• People parked along the road walk on a dirt road entering and exiting the Tennessee Valley Recreation Area in Mill Valley, Calif., Wednesday, March 2, 2022. (Sherry LaVars/Marin Independent Journal)

  • Hikers walk past National Park Service supervised construction of a new parking lot in the Tennessee Valley Recreation Area in Mill Valley, Calif., Wednesday, March 2, 2022. (Sherry LaVars/Marin Independent Journal)

Fifty years ago, the sound of diggers moving dirt and trucks pouring concrete in the Tennessee Valley would have alarmed Marin County open space advocates.

But unlike the 1960s and 1970s, when developers saw the valley as a gateway to the planned town of Marincello in the Marin Headlands, construction crews working in the valley in recent weeks are instead improving an entry point. to one of the largest stretches of protected public land. to Marine.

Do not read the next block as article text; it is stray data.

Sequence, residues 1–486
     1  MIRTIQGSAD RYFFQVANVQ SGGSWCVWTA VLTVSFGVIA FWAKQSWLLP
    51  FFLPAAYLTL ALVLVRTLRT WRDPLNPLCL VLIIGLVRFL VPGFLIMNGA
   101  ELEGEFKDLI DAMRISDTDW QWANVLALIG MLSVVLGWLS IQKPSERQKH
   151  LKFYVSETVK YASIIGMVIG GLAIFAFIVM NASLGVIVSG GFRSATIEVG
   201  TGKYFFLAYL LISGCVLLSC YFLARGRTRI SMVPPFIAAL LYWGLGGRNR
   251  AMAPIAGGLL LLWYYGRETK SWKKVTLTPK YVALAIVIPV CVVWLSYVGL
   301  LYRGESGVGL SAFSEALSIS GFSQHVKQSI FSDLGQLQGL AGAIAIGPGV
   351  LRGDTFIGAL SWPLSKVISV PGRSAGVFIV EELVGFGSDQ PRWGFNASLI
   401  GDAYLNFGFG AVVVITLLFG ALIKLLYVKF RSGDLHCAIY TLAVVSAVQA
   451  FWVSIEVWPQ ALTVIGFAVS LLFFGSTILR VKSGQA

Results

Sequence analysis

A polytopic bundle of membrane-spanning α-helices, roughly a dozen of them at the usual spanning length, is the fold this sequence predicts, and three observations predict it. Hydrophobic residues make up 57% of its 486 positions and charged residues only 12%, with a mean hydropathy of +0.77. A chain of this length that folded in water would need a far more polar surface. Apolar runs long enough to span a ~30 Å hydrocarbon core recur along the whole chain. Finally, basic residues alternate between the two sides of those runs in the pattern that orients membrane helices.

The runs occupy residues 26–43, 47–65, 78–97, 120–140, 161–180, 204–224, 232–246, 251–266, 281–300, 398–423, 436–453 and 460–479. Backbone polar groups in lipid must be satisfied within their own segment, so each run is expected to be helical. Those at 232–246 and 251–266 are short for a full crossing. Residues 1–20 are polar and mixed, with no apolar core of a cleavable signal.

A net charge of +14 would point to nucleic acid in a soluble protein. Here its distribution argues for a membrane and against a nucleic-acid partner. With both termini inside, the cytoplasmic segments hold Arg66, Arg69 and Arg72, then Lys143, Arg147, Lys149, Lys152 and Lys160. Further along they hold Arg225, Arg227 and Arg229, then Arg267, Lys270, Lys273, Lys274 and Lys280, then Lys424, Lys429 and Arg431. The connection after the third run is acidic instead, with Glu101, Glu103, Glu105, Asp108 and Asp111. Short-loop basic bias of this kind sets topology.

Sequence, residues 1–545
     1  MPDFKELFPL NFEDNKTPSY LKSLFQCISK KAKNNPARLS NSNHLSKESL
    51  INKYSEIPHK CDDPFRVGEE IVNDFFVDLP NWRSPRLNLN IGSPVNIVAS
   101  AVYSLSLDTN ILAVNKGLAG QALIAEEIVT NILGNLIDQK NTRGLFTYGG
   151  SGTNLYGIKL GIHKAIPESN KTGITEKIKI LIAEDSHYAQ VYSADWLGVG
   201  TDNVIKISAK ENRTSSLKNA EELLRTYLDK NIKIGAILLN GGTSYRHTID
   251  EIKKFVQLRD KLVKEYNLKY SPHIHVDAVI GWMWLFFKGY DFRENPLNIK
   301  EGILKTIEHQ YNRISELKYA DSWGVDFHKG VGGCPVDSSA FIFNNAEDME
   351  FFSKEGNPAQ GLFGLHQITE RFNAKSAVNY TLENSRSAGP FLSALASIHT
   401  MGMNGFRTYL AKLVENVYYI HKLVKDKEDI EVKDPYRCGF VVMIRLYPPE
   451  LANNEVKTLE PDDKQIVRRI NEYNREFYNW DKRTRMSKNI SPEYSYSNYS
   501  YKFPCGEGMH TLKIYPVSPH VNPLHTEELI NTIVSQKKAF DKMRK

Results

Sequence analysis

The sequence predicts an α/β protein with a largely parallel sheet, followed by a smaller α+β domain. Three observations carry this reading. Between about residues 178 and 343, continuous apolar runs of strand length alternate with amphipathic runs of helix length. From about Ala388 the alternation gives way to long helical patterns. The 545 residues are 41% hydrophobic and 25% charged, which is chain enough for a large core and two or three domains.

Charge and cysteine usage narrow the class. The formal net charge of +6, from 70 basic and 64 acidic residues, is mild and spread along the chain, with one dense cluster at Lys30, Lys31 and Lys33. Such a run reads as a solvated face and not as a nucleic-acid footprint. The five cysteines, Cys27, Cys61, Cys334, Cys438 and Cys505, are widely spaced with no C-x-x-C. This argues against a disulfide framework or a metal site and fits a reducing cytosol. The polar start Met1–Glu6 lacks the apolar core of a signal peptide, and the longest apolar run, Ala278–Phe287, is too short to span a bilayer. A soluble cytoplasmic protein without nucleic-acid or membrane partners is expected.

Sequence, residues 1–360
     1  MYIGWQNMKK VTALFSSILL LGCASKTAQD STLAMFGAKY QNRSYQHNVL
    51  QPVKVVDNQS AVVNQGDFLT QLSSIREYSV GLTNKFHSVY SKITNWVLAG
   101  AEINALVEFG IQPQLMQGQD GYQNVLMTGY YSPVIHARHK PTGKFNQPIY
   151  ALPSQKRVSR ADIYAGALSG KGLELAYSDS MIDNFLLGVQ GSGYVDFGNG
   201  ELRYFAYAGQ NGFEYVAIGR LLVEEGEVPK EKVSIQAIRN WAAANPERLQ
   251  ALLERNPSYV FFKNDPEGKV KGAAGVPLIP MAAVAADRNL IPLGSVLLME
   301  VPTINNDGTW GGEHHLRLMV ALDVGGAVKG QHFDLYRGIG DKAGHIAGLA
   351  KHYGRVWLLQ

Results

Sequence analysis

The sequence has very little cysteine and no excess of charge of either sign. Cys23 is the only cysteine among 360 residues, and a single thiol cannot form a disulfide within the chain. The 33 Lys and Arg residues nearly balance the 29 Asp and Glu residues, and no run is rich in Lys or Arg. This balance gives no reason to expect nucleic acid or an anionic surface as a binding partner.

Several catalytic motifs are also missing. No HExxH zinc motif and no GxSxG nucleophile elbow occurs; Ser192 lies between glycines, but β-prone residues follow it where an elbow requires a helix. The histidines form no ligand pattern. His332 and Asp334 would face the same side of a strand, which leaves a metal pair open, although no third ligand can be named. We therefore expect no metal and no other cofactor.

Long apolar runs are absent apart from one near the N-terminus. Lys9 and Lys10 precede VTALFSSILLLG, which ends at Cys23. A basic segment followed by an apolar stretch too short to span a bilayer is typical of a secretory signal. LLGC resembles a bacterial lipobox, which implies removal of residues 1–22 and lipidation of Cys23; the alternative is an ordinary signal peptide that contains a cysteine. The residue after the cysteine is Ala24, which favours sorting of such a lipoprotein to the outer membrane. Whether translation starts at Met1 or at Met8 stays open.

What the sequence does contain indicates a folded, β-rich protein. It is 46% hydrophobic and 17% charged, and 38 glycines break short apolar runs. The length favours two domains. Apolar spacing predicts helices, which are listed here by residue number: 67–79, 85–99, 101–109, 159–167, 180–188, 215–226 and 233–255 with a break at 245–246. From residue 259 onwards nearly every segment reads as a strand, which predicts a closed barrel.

“If it hadn’t been for the community involvement, this would be a gateway to Marincello and we would see condominiums and homes on the headlands of Marin instead of the open space we see today. ‘today,” National Park Service spokesman Charlie Strickfaden said.

Map of a Tennessee Valley trailhead and parking area paving project. (Source: Federal Highway Administration)

This project, led by the National Park Service and the Federal Highways Administration, aims to upgrade the popular Tennessee Valley Trailhead near Mill Valley with a first-ever paved parking lot. The trailhead will also include new amenities and safety upgrades such as bike racks; more accessible parking spaces for visitors with disabilities; sidewalks between parking areas and trailheads; and curbs to prevent erosion in certain areas.